This 2009 documentary about Lebron James and his Saint Vincent Saint Mary teammates' journey from youth basketball to Bron's greatness in the league wasn't a blockbuster, but the lead single "Forever" featuring Drake, Kanye West, Lil' Wayne, and Eminem definitely was. This soundtrack claims the #4 spot on our starting 5, primarily due to the success and lasting power of that single but also I want to acknowledge Lebron's influence on Hip-Hop. From his friendship and partnerships with countless rappers, most notably Jay-Z (who is on this album with a slept on song "History") to his executive production on 2 Chainz's "Rap or Go to The League," he's made Hip-Hop waves from the jump and continues to. Even though he didn't rap on this album (thankfully...Youtube his trash self-censored freestyle on Hova's "F*ckwithmeyouknowigotit") you get the sense listening to this tape that the artists were truly excited to be involved in a project with the King.

3. "He Got Game" - 1998 - Def Jam Recordings

Everything Spike Lee does is Hip-Hop. My personal favorite basketball movie of all time "He Got Game" is no exception. He kept it even realer recruiting Public Enemy to handle the soundtrack. This album gets an A+ for cohesion. Obviously, it has a leg up in that department considering one group is on every track but it also thematically matches the movie great as well. A slightly past-their- prime Public Enemy navigates their way through a modern release just like Denzel Washington's character does in his role as Jake Shuttlesworth. The title track "He Got Game" beautifully interpolates Buffalo Springfield's 1966 rock classic "For What Its Worth," and provides the perfect backdrop for the tone of this movie. The strength in the mental association between "He Got Game" the movie and "He Got Game" the single is only rivaled by "Space Jam" and R. Kelly's "I Believe I Can Fly." This was really the last high-profile project by Public Enemy, but they went out with an artistic bang. Oh Jesus!!

2. "Above the Rim" - 1994 - Death Row/Interscope Records

Basketball cinema's answer to "Juice" is the classic "Above the Rim," and like "Juice" this movie includes a strong supporting performance from Tupac Shakur. The soundtrack of course includes the late, great rap god as well. Once in an official capacity on "Pour Out a Little Liquor" but more infamously on the hidden tracks appearing on singles-- including the cult classic "Pain." Despite this track not being featured on most versions of this album, its influence lived on, being covered word for word by both Ja Rule and Fabulous respectively on their own major solo projects. Covers don't happen in Hip-Hop much so you know the poetry was deep; its one of those songs that really encapsulates what Pac was all about. We're probably burying the lead here though because this album actually debuted the Warren G/Nate Dogg classic, "Regulate." This project is very much a Death Row production and has appearances from the whole set; Snoop and the Dogg Pound, Dr. Dre, and more. For that fact, this album is also very cohesive and was one of the most critically acclaimed soundtracks ever. Because you've heard "Regulate" a million times, and see it performed by Karens at karaoke nights to this day, lets do something different and check out the Pac joint, "Pain" above.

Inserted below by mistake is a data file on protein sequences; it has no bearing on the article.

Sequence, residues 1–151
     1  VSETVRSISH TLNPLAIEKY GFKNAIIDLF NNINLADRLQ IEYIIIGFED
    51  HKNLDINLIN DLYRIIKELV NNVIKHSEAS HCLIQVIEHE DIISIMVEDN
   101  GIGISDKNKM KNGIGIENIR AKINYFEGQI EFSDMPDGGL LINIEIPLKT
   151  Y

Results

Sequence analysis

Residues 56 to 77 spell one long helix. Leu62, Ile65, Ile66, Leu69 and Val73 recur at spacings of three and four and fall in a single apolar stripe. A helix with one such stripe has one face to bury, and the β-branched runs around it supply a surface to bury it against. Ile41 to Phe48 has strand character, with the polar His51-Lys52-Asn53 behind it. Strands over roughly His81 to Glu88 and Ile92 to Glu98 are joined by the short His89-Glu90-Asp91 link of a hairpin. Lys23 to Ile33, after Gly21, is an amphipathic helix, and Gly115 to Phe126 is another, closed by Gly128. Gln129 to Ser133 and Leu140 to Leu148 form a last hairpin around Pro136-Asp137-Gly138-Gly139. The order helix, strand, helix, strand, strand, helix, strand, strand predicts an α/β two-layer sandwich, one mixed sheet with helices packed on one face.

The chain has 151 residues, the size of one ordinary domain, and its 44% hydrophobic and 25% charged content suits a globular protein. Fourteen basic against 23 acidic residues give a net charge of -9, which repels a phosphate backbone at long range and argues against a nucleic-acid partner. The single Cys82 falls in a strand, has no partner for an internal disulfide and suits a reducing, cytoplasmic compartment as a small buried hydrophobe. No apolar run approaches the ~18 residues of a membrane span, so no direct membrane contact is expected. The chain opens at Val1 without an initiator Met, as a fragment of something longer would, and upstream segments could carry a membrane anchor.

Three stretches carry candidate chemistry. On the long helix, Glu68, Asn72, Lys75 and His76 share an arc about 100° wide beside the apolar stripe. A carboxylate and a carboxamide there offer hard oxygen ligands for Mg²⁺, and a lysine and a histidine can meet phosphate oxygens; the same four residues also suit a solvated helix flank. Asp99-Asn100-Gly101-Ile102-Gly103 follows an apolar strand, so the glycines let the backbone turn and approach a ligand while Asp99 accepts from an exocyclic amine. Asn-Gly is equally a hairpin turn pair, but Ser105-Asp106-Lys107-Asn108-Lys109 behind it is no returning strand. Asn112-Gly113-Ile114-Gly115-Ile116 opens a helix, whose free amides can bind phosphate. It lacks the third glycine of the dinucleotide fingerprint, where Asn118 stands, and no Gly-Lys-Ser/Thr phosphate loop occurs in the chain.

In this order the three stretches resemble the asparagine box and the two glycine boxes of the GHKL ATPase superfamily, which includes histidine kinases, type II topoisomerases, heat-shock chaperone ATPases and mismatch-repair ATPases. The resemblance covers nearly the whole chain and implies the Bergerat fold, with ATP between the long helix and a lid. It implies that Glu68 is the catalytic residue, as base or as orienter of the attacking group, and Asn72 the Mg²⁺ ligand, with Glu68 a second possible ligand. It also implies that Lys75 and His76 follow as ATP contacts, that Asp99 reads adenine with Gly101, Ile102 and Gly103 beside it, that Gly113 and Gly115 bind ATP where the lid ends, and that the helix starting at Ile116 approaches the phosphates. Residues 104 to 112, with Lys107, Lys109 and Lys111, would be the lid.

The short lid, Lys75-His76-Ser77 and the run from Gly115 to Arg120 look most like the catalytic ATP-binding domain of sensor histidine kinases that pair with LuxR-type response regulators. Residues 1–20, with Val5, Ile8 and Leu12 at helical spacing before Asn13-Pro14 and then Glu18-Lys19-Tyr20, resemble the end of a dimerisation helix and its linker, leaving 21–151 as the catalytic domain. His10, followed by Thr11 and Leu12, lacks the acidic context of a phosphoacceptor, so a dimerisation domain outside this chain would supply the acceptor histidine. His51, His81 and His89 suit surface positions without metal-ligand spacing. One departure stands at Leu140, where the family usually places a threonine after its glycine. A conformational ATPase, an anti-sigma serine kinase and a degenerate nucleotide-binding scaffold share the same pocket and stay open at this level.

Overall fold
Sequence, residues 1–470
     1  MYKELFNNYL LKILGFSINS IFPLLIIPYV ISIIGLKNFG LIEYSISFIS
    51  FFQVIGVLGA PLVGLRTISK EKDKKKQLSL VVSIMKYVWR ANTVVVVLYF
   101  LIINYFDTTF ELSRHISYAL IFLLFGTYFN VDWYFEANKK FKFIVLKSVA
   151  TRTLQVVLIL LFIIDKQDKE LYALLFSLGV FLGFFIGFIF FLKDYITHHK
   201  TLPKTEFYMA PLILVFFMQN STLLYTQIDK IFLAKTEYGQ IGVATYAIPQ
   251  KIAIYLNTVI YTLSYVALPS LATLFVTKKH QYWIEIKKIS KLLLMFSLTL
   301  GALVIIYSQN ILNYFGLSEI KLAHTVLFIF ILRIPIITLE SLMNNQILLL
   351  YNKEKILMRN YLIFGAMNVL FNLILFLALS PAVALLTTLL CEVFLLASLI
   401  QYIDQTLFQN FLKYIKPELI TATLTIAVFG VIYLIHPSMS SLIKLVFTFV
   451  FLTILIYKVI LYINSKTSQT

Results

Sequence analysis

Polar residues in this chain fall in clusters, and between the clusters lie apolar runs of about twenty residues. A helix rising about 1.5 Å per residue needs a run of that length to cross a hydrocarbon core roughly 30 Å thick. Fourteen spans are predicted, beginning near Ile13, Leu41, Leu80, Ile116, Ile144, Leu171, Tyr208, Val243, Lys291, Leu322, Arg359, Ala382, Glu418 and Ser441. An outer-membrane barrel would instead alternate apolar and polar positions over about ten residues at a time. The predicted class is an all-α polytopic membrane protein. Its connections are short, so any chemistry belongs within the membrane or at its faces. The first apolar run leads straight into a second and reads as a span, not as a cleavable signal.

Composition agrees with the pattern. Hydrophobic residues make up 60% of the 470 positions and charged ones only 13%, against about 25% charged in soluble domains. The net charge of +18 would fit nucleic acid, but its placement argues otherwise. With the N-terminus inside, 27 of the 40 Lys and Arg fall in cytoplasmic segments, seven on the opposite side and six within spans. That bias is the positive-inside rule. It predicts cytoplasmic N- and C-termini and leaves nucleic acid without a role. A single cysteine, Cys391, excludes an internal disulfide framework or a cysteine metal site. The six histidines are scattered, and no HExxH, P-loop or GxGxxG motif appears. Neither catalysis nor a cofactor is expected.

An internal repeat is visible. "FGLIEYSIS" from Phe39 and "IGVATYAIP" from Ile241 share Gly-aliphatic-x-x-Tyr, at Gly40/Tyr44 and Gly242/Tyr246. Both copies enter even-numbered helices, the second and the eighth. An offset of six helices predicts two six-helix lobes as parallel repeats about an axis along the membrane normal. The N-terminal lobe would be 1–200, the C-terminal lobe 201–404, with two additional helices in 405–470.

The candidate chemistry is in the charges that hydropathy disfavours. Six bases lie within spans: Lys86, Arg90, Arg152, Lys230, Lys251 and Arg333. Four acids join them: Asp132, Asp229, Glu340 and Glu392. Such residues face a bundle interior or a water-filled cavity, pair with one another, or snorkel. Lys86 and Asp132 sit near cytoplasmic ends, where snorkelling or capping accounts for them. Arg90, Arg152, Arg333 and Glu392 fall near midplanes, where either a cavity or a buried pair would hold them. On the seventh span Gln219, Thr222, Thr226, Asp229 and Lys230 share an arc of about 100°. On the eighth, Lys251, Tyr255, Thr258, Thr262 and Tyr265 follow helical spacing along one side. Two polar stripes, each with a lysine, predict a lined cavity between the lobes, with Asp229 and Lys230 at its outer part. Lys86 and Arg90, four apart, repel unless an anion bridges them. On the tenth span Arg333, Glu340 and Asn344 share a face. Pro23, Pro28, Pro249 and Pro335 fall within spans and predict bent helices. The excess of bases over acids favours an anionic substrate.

1. Space Jam - 1996 - Atlantic Records

Did you expect anything different? The better question is should "I Believe I Can Fly" be the national anthem? Lets take it from R. Kelly's trifling ass and give it to the people! Anyways this iconic (but flawed) movie produced an iconic and flawless (in my opinion) soundtrack. There are more hits on this tape than any soundtrack, period. not just for a basketball joint. I don't need to tell you about "I Believe I Can Fly" or "Space Jam" by the Quad City DJ's -- they were and are timeless hits. But you may have forgotten Seal's "Fly Like an Eagle," Monica's "For You I Will", and even All-4-One's "I Turn to You" which later turned into a huge cover by Christina Aguilera. The two greatest truly Hip-Hop moments on the soundtrack are the Jay-Z written bars that BUGS BUNNY FUCKIN MURDERS on "Buggin," and one of the greatest posse cuts of all time "Hit 'Em High (The Monsters Anthem)" featuring B-Real of Cypress Hill, Busta Rhymes, Coolio, LL Cool J and Method Man. Everything about this album was just as big and fun as the movie was, but the artistic merit is all the way there. I'm anxious to see if "Space Jam: A New Legacy" can hold a torch to this classic on screen or in your speakers.

Let us know in the comments or hit us on social if we left your favorite basketball movie/soundtrack off the list or you think any of these don't deserve the praise. Stay tuned for more basketball themed content in the future from The MSQ Shop and our Beats, Bars, and Basketball series.

by: Zach Kirby